Proposals to dual the final stretch of the A66, once dubbed the forgotten ‘Cinderella’ of the region’s routes, are hailed as the “biggest investment in the North’s road network in a generation”.
As Roads Minister Baroness Vere visited the site on Sep 24, she spoke of improving coastal connectivity from eastern to western ports, the route’s safety, and a boost to tourism drives.
“This is one of the biggest schemes we are investing in, and is key to levelling up the North,” she said. “It’s essential that we get the local community to respond so that we hear their voices.”
First announced under Theresa May in 2016, the upgrade would see the dualling of the A66 between the M6 at Penrith and the A1 at Scotch Corner, as well as junction improvement.
While most of the works will be outside of Yorkshire’s boundaries, local leaders have long called for investment, linking Yorkshire and the Lakes and also Scotland to the region’s coastlines.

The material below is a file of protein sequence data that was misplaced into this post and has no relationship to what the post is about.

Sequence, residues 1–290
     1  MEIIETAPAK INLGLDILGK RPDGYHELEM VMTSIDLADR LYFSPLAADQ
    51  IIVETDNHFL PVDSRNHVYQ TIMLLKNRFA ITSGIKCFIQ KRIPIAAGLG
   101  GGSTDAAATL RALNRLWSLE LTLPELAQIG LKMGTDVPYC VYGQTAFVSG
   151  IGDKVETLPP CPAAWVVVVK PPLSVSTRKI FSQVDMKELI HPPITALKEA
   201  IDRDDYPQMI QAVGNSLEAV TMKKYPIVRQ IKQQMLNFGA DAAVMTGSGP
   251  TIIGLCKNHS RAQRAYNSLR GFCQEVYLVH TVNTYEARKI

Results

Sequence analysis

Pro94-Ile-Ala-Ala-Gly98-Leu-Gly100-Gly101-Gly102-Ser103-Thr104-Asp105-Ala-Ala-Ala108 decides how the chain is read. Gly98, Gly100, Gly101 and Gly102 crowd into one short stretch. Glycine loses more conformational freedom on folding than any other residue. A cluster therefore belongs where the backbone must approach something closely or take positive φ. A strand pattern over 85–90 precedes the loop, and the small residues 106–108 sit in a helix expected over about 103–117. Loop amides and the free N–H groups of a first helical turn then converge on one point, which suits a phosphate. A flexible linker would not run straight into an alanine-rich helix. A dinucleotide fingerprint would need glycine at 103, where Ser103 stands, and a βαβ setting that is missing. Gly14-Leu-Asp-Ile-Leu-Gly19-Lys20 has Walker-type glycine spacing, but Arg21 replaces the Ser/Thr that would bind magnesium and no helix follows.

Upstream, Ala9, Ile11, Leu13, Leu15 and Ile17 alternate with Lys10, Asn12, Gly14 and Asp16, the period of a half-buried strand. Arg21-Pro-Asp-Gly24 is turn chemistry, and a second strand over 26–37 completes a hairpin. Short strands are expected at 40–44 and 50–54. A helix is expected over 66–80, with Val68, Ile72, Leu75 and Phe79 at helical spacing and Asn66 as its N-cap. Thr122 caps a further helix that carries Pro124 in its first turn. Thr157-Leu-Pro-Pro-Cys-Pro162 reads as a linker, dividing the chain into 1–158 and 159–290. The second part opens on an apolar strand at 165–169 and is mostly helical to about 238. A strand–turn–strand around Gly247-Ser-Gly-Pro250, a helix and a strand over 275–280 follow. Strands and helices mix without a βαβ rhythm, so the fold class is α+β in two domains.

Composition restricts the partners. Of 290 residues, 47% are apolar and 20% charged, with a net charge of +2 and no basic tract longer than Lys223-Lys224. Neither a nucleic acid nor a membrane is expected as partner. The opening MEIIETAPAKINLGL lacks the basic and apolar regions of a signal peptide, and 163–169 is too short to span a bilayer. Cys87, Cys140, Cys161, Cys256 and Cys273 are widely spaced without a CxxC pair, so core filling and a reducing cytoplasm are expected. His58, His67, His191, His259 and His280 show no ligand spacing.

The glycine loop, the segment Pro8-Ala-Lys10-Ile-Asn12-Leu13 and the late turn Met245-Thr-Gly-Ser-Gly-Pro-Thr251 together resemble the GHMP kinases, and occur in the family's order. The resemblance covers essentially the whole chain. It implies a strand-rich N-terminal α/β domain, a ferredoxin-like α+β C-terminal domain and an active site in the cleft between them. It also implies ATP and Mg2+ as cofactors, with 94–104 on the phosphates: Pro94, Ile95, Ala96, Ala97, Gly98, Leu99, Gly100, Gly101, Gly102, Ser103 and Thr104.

“It’s a truism to say it’s a two-way street,” the leader of North Yorkshire County Council Carl Les had said last year as the preferred route was outlined. “Those benefits come back.”
Options were set out two years ago in an initial consultation, with 93 per cent of respondents backing the dualling plan.
A second consultation has now opened on designs, which will feed into applications for a Development Consent Order in allowing the scheme to go ahead.
“We know east to west connectivity is not brilliant, we know this road has a poor safety record,” said Baroness Vere. “We really are keen to progress with this scheme, but we need to get it right.
“There are many people who use the A66 because they are taking goods much further than the immediate area, and it’s really important for tourism to ensure we make it as accessible as possible.
“There are also huge opportunities for local firms to get involved, bringing a boost to the local economy. We can make this better together, so we are keen to take the plans forward together.”
An extended six-week consultation on plans will now run until November 6, with a series of events and open days to be held along the route to seek public opinion. Plans are also in local libraries.
Peter Molyneux, major roads director at Transport for the North, said the route was “crucial” in building a “new North”, yet too often faced congestion and delays. Dualling, he said, would benefit many thousands of users.